Inviting the wedding officiant to the reception

I was wondering…do I send an invitation to the officiant of our wedding? We only met her once, but she is wonderful and we really liked her. I would like to have her come to the reception, or at least let her know that we are thinking about her. Do we ask her over the phone or do we send her an invitation?

Traditionally, the officiant is invited to the ceremony and reception in exactly the same way as the other guests. The invitation to the ceremony is a reminder, a courtesy, and, if she likes you too, a memento of a happy occasion.

The invitation to the reception is a courtesy to someone whose participation was essential to accomplishing the wedding ceremony. If the officiant is married, the spouse is included in the invitation as well.

If you mailed invitations to the other guests six weeks ago, then thought of the officiant, go ahead and put an invitation in the mail now. Although this isn't ideal, the officiant will probably be flattered that you took the trouble to send a real invitation, as so many couples issue an off-hand oral invitation at the rehearsal itself.

Why is an off-hand invitation at the last minute wrong? First, the officiant is one of the most important people at your wedding. In most states, it can't proceed without him or her. Second, if the officiant doesn't receive an advance information, she may make other plans for the afternoon or evening.

Even though the officiant doesn't know you well, she will almost certainly recognize that the invitation is a courtesy and a sign that you value her presence. If she is uncomfortable at parties where she knows few people, she will either stay only a short while or decline the invitation. Don't be concerned if she declines-it's quite possible that she simply has other plans for the time.

Your question is refreshingly hospitable and generous. Many happy couples are reluctant to entertain the officiant at the reception. When the officiant is a stranger who is hired solely for the occasion and who does virtually no ceremony planning work with the couple, they are not positively required to invite him or her-although it is still a nice gesture.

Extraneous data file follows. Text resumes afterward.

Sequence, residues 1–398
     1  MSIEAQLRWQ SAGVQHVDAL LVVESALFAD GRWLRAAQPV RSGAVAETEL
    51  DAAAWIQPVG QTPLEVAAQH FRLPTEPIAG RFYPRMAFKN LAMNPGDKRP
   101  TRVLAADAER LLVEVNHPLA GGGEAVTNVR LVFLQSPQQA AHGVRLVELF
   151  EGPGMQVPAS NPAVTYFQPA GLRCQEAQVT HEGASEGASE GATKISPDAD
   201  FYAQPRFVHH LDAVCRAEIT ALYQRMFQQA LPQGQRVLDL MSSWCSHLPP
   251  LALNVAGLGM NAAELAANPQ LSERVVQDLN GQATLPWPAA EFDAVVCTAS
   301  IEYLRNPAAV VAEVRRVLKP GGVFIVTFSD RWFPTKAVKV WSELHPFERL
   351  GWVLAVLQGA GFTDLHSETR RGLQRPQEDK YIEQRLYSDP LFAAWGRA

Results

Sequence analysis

It may help to think of officiants as falling along a continuum from vendor, at one extreme, to spiritual advisor or family friend at the other. If your wedding is officiated by whatever county clerk was on duty when you showed up at the courthouse-as is possible in some states-this officiant is not invited out to lunch with you afterwards, no matter how much he wants to go. If your officiant is a family friend, your parents' pastor, your own pastor, or someone that you have other social ties to, he or she would be invited as a matter of course. Any officiant who spends time with you working on getting the ceremony right is assumed to be an honorary friend or spiritual advisor, and would thus be invited.

If you are having assigned seating, traditional etiquette books will tell you to seat the officiant with the bride's parents. This rule dates from a time when the officiant was almost always the bride's parents' pastor: they knew him and probably invited him to dinner at least once a year. While it's still safe to follow this rule, use common sense about seating the officiant at a "good" table with people that he or she knows or might enjoy. If the officiant knows the groom's parents but not the bride's parents, it is perfectly correct to seat him or her with the parents he knows.